Call for government to give fair compensation to all contaminated blood sufferers
Call for compensation scheme to apply to all who received contaminated blood
Posted on 25 March 2015
The law firm representing victims of what has been described as ‘the worst treatment disaster in the history of the National Health Service’ have welcomed media reports that the Government will make an official apology to former patients who received contaminated blood and subsequently contracted Human Immunodeficiency Virus (HIV) and the Hepatitis C virus (HCV), during the Seventies and Eighties.
However, law firm Leigh Day, has joined their clients in calling for the existing compensation scheme to be revised after claims that it unlawfully discriminates by paying out based on the type of virus contracted from contaminated blood and not on how seriously the patient has suffered.
According to media reports, the official apology later today will follow the publication of the Penrose report, which was commissioned by the Scottish Parliament and will have far reaching consequences for both the UK and Scottish Governments.
Rosa Curling, a solicitor at Leigh Day, said “The payment scheme put in place by this and previous governments has added insult to the injury, we believe it is unlawful as it unjustifiably discriminates against some victims in favour of others, depending solely on the type of medical condition rather than the devastating effects of the contaminated blood”.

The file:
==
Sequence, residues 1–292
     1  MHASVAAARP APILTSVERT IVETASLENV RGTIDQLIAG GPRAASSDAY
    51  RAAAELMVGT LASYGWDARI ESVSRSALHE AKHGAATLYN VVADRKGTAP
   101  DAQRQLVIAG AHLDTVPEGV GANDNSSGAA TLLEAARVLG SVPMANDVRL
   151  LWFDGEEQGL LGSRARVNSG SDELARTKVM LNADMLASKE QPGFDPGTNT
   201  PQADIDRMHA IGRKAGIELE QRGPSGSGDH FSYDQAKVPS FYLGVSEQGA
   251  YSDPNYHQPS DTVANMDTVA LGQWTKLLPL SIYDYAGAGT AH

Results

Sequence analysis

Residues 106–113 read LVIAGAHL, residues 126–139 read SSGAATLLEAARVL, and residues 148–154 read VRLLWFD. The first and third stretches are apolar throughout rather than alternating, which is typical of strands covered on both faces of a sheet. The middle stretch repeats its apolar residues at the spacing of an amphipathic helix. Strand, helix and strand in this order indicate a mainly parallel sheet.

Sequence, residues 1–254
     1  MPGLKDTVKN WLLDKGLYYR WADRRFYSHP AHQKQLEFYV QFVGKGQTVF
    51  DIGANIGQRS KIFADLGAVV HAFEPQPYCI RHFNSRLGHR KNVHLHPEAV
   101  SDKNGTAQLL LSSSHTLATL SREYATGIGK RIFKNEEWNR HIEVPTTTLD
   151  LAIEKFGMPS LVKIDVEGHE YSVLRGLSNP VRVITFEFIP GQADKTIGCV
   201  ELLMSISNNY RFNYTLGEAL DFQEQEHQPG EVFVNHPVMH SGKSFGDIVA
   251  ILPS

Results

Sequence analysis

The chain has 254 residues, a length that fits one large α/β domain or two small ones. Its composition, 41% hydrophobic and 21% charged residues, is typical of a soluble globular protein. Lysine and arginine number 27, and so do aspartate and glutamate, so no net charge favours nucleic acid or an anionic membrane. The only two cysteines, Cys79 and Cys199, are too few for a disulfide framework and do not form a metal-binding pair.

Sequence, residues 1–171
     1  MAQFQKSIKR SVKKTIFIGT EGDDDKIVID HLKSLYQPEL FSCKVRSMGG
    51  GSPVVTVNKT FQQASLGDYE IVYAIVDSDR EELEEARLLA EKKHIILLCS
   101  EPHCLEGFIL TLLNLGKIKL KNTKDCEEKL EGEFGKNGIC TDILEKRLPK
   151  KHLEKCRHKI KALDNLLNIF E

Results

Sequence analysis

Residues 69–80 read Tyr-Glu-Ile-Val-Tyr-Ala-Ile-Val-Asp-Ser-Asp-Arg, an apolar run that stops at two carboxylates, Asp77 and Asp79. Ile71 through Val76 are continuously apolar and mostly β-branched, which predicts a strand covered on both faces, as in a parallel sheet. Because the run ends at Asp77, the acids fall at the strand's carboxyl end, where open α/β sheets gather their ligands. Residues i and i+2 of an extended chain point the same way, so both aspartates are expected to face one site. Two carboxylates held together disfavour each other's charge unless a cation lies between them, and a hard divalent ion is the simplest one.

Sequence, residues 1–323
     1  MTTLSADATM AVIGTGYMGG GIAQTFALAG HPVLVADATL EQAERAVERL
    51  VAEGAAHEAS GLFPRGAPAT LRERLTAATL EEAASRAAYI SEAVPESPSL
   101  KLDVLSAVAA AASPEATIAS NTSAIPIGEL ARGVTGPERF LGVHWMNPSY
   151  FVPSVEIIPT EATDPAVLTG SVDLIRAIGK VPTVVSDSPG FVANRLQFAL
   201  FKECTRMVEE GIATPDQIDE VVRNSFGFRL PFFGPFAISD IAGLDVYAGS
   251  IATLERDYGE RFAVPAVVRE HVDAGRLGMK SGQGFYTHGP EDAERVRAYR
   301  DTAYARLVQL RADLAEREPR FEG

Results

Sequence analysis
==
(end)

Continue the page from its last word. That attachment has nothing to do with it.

Leigh Day act for a large number of individuals who received contaminated NHS blood and subsequently contracted HCV.
These individuals were paid far less than victims in the same scandal who contracted HIV.
Ms Curling from the human rights team at Leigh Day added:
“Not only did the NHS let down HCV sufferers in the past, but it is letting them down today by short changing them as compared to HIV sufferers.
“Mr Cameron should not only apologise for the wrongs of the past but also the continuance of those wrongs in the present.
“He should give a firm commitment on behalf of the government that all sufferers from contaminated blood will be compensated on the basis of the seriousness of their infection with a potentially deadly infection and not according to its label”.
Leigh Day started legal proceedings against the Department of Health earlier this year, calling for a review to take place in relation to the existing compensation schemes set up by the government for those affected in England.
Three men are currently challenging the lawfulness of the existing payment schemes on the basis that it discriminates against them as HCV sufferers.
The men have demanded a meeting with Department of Health to discuss their claim and to obtain assurances that any remodelled payment scheme will compensate individuals based on the seriousness of their conditions and not solely based on whether they happened to contract HIV, HCV or both viruses.